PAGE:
Jury Trial & Bench Trial
The court instructs the attorneys to present an opening statement. The opening statement is a summarization of the facts and evidence the jury can expect to review during the testimony. When the opening statements are over the prosecution presents their case.
The defendant is always presumed innocent throughout the jury trial. The prosecution must prove beyond a reasonable doubt the defendant is guilty. They attempt to overcome this burden by presenting testimony and evidence. Again, the defendant is guaranteed the right to confront witnesses that testify against the defendant. When the prosecutor is done questioning their witness the defense attorney is allowed to cross examine. At the conclusion of the prosecutor’s case, the government will announce they rest.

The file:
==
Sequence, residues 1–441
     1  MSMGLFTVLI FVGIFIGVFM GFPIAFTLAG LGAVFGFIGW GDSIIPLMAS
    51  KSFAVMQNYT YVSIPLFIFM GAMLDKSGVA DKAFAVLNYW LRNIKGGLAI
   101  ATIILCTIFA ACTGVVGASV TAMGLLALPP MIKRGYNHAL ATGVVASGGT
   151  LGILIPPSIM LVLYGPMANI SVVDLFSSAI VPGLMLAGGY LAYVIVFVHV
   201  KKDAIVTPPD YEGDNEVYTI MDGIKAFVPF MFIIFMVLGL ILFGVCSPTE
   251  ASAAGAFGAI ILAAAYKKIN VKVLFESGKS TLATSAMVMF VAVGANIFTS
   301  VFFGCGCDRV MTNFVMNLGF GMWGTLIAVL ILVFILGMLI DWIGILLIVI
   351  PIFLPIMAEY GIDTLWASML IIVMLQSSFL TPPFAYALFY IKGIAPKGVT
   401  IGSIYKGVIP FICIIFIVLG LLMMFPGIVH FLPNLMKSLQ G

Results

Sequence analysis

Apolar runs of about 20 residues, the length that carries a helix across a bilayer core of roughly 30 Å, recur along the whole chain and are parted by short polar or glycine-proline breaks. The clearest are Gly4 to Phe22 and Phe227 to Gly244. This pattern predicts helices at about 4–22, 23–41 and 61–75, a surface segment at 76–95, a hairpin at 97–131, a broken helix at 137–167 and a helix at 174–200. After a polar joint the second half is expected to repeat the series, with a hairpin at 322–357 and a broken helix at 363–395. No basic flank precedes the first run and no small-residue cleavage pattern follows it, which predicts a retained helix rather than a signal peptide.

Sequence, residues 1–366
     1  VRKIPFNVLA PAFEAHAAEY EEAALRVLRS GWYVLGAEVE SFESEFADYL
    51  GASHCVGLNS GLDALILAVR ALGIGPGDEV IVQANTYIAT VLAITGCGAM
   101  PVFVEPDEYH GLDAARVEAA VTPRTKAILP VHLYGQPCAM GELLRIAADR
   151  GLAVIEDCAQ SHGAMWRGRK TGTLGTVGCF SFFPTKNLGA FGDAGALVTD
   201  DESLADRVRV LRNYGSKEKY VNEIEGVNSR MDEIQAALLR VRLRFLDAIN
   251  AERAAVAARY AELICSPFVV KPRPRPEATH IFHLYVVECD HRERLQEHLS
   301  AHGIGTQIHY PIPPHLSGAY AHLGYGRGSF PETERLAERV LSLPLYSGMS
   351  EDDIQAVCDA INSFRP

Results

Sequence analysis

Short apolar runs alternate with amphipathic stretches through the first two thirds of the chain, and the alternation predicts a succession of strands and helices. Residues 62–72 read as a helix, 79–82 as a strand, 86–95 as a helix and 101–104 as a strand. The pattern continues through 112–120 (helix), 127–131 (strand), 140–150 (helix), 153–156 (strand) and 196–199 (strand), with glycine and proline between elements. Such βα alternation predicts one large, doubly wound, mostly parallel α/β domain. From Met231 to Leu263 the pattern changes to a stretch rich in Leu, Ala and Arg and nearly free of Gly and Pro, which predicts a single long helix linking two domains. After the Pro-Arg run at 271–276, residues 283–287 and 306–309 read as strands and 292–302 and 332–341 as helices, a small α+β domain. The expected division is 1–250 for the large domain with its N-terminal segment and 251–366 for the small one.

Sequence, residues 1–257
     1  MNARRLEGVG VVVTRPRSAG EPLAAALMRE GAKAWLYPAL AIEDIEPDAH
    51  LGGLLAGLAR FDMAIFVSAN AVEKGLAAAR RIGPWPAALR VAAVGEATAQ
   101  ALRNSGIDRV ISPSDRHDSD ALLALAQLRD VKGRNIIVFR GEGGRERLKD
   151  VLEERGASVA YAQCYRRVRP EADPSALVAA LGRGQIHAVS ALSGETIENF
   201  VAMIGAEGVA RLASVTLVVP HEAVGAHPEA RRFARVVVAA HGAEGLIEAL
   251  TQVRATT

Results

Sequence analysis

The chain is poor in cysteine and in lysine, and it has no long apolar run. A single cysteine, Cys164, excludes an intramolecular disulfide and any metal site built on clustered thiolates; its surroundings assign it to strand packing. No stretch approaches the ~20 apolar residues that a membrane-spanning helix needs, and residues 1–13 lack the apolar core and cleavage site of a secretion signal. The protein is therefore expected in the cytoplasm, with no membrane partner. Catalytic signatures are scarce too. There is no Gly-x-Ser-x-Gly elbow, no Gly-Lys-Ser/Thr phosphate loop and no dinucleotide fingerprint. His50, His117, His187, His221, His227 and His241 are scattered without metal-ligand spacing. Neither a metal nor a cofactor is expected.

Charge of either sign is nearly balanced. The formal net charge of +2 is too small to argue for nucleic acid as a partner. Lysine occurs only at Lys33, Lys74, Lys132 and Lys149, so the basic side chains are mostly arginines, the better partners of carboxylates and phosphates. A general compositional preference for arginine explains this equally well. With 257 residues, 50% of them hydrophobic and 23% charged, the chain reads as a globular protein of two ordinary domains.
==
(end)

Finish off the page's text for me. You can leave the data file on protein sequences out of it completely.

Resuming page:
Now it is time for the defense to present testimony or evidence supporting the presumption of their client’s innocence. However, there are instances when the prosecution does not present sufficient evidence to prove beyond a reasonable doubt the defendant’s guilt. On these occasions the defense will rest, and both parties will proceed to closing argument.
Closing argument allows both attorneys to connect the law and facts of the case supporting their positions. At the conclusion of closing arguments the jurors begin their deliberations. Finally, the jurors reach a decision and render a verdict. The defendant always desires a two word verdict; NOT GUILTY. If the jury returns a guilty verdict the defendant can expect a sentencing hearing in the near future.